This is a brave admission, and an acknowledgement by Wieseltier that he is, despite himself, one of the elite. But as one who gets to know many such people (as many physicians and most social workers do), I see a risk in extolling the lives of the disaffected and alienated. There seems to be romanticizing here, as of the overlooked poet scribbling in his garret, the anchorite glorying in his desert cave, or the oppressed dissident in the labor camp. Wieseltier seems to be claiming the inherent dignity of suffering, and while there is that, does this mean we should be any less assiduous in our struggle to alleviate distress? Suffering has the potential to lead to wisdom, but arguably in actuality it most commonly does not.

The prophet (whether secular or religious) is always positioned somewhere between the eccentric and the crank. The eccentric lingers "away from the center" of human experience, but can still engage in dialogue with a significant part of his fellows, whereas the crank has been cut off, as when a man goes into the desert for transcendence but never makes it back to relate the tale.

Monday, July 18, 2011

The Elegaic Mode

For W. G. Sebald, the modern world, a composite of contemporary detritus and forlorn nature, is a kind of forme fruste of the historical human condition. Sebald was a past-intoxicated writer, and in The Rings of Saturn a ramble through southeastern England yields disquisitions on Joseph Conrad, herring fisheries, imperial decline, and the silkworm industry. The entropy is inescapable. Here are a few choice quotes:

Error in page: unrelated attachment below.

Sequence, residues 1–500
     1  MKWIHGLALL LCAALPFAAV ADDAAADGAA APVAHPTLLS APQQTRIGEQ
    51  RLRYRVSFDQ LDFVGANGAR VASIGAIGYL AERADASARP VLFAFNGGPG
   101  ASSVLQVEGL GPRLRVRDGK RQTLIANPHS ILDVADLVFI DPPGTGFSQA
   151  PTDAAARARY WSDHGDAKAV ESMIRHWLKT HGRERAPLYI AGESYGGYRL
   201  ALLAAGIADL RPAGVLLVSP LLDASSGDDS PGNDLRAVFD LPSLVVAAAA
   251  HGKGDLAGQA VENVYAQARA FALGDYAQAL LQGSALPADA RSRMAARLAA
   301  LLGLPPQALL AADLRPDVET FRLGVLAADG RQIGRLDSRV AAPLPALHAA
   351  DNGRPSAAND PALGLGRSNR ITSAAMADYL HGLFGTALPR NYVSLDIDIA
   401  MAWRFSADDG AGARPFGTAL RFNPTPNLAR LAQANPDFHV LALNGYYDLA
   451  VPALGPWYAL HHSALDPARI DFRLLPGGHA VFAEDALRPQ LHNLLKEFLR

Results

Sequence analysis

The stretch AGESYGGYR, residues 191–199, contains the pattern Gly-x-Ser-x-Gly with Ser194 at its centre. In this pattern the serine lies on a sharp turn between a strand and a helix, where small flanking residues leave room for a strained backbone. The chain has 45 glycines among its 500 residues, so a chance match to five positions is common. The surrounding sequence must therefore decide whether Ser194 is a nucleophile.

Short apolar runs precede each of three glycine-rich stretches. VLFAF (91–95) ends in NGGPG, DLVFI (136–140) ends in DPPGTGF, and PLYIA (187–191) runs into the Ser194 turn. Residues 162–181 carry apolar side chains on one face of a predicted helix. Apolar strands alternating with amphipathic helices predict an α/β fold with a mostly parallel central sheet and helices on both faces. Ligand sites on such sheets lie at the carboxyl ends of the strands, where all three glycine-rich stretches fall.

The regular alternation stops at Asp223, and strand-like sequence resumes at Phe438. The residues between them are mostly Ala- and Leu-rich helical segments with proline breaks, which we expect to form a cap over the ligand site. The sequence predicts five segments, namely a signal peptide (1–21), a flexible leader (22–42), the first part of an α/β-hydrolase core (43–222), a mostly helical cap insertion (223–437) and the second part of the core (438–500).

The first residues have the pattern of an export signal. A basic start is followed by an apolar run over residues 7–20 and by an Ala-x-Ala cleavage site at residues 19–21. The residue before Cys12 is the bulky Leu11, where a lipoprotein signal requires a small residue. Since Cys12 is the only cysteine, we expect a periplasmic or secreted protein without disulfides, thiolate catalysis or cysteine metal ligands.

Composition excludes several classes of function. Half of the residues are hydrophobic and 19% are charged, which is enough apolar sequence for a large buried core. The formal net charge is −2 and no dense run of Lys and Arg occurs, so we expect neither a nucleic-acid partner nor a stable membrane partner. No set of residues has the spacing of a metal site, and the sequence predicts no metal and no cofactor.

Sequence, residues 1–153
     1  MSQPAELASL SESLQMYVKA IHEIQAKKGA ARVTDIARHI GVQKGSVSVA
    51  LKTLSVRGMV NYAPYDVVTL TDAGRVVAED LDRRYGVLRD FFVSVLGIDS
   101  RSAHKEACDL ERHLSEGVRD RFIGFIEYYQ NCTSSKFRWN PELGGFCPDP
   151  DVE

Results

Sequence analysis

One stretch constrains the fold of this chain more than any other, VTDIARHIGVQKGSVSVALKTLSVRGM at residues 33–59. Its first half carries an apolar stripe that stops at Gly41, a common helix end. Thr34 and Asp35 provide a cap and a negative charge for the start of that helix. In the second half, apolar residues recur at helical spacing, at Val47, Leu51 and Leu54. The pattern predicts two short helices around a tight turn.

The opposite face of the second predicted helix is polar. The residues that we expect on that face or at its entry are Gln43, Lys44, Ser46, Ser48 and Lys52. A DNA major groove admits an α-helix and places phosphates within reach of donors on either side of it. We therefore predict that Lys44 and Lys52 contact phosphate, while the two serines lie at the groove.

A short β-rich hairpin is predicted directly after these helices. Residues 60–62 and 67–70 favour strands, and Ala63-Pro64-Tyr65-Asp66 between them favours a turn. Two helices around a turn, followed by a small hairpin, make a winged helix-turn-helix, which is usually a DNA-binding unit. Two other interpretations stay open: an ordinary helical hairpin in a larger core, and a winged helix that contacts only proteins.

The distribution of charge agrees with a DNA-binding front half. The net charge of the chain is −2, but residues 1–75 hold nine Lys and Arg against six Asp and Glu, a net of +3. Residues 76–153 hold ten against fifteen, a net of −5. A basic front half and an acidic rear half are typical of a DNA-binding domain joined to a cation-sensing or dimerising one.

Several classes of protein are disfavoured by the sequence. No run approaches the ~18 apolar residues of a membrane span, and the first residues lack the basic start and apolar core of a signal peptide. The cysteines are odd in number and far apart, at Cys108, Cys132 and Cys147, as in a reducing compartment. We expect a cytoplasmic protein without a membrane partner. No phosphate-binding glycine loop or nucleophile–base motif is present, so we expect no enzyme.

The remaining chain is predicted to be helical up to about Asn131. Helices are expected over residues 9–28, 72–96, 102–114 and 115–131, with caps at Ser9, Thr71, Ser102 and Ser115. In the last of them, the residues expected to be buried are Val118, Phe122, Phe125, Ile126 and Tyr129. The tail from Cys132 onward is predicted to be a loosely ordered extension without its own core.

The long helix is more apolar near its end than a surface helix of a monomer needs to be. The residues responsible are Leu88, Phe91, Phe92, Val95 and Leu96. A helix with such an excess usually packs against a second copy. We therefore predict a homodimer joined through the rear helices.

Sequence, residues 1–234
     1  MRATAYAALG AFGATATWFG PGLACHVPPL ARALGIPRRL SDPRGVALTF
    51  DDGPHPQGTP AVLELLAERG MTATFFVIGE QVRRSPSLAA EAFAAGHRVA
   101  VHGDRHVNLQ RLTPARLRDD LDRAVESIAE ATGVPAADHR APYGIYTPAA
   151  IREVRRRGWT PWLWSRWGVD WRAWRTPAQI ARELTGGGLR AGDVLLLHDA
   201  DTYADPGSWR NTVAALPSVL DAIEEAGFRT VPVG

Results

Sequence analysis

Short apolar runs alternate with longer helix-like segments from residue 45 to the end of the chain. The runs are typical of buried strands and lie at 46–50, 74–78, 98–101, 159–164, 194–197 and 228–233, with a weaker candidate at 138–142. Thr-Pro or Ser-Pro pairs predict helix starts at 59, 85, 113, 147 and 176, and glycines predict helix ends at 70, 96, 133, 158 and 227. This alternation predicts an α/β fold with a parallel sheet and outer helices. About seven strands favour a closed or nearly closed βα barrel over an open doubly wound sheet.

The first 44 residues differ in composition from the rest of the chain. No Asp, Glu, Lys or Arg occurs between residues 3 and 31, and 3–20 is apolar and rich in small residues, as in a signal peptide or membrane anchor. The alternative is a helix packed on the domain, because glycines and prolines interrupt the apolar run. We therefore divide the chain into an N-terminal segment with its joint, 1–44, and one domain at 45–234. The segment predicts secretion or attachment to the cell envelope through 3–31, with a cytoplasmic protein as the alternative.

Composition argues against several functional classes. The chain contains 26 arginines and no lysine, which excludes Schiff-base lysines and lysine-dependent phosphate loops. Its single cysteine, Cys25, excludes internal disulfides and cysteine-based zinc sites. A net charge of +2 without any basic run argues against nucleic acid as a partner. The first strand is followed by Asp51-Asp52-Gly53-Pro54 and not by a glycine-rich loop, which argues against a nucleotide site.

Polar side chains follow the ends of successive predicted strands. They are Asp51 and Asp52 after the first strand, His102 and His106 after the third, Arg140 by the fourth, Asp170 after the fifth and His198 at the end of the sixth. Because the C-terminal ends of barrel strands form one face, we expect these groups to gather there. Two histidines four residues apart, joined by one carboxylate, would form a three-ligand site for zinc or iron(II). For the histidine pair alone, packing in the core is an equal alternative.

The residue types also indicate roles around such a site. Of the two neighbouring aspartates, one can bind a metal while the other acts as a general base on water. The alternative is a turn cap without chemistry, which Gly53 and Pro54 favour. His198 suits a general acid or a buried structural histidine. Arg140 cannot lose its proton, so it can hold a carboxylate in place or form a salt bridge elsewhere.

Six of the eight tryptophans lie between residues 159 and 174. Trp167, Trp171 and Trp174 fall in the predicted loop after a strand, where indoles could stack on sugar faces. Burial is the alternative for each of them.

(On fishermen): "I do not believe that these men sit by the sea all day and all night so as not to miss the time when the whiting pass, the flounder rise or the cod come in to the shallower waters, as they claim. They just want to be in a place where they have the world behind them, and before them nothing but emptiness."

(On the writer Michael Hamburger): "Perhaps we all lose our sense of reality to the precise degree to which we are engrossed in our own work, and perhaps that is why we see in the increasing complexity of our mental constructs a means for greater understanding, even while intuitively we know that we shall never be able to fathom the imponderables that govern our course through life."

(On Thomas Abrams, who devoted his life to a minute reconstruction of the Temple of Jerusalem): "In the final analysis, our entire work is based on nothing but ideas, ideas which change over the years and which time and again cause one to tear down what one had thought to be finished, and begin again from scratch."

(On the melancholy of medieval weavers): "It is difficult to imagine the depths of despair into which those can be driven who, even after the end of the working day, are engrossed in their intricate designs and who are pursued, into their dreams, by the feeling that they have got hold of the wrong thread."

(On the destructiveness of civilization): "Like our bodies and like our desires, the machines we have devised are possessed of a heart which is slowly reduced to embers. From the earliest times, human civilization has been no more than a strange luminescence growing more intense by the hour, of which no one can say when it will begin to wane and when it will fade away."

If as many say, we now live in the Anthropocene era, in which the activities of Homo sapiens directly affect planet-wide processes, why can't we regard humanity with kindness, as we might regard any natural force? Just as a levee is meant to withstand the flood, one's mourning, indignation, and even resentment are meant to withstand and, if possible, to divert the human flood from that which one holds dear.